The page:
In 85% of my work I use focusing rod modifiers, simply because I along with my clients prefer the quality of light a focusing rod modifier produces. And although I cannot adapt the Direct Mount modifier as a focusing rod system, I found a way to closely replicate the quality of light found in my focusing rod systems. No I cannot focus or flood the light like I can with a true focusing rod, but this is ultra portable and great to use while coming very close to the style of light I prefer.

I used a M8 1.0 pitch dye to thread the end of the modifier’s rod.

To attached this reflective disk onto the rod.
A M8 nut holds the disk in place as my only diffusion. This replicates as close as possible a focusing rod quality of light.
I simply keep the M8 nut attached to the zipper on the modifier.

The modifier comes with a grid, an outer diffusion panel, two reversible color temperature disks and one inner diffusion disk, which all attach via Velcro to the inner side of the modifier.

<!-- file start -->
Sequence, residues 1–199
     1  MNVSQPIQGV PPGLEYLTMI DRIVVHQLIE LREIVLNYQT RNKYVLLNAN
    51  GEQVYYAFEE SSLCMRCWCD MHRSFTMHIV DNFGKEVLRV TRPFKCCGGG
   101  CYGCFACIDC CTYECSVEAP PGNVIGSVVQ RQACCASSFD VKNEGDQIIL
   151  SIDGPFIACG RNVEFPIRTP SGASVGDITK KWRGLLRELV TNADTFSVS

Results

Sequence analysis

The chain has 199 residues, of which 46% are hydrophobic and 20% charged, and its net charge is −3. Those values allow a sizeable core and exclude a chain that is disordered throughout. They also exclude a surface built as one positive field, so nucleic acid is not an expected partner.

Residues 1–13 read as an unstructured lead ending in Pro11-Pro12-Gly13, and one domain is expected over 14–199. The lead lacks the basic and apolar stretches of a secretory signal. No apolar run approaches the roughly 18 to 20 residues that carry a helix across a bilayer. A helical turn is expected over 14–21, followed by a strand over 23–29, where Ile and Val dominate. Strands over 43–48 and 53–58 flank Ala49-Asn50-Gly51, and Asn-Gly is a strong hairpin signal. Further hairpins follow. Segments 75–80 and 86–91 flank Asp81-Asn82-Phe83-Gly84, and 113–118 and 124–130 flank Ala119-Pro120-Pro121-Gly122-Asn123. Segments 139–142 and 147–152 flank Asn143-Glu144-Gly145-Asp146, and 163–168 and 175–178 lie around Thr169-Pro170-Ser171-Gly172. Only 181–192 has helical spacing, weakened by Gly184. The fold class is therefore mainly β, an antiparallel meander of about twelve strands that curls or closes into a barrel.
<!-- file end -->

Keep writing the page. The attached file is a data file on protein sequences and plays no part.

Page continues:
And it comes with this little reflector:

I ‘think’ its purpose is the same as the solid disk I use…I have not tried it though, but may…..

The following images illustrate just how small in diameter the modifier is compared to Bowens mount units. Incredible!

The Direct Mount ring literally fits inside a Bowens ring!
Sometimes size does matter! LOL
The Glow S2 Round Flash S-type Bowens Mount Bracket for Round Head Flashes is WORLDS APART from the original Godox S2 bracket. This is the one which allows me to use the 300 with any Bowens modifier. And my gawd that awful scratchy ratcheting swivel system is gone! Smooth as butter….
Yes the modifiers is INTENTIONALLY aimed away from Bob. With focusing rod modifiers I find that using the side of the modifier produces delicious light.
Distance from Bob can be seen here. This is the 33.4″ Direct Mount modifier.
Strobe at 1/16th power level, 1/500th f2.8 ISO 100 Modifier with hard disk only.
Strobe at 1/16th power level, 1/500th f2.8 ISO 100 Modifier with hard disk only.

Strobe at 1/16th power level, 1/500th f2.8 ISO 100 Modifier with inner diffusion panel only.
Strobe at 1/16th power level, 1/500th f2.8 ISO 100 Modifier with inner and outer diffusion panels.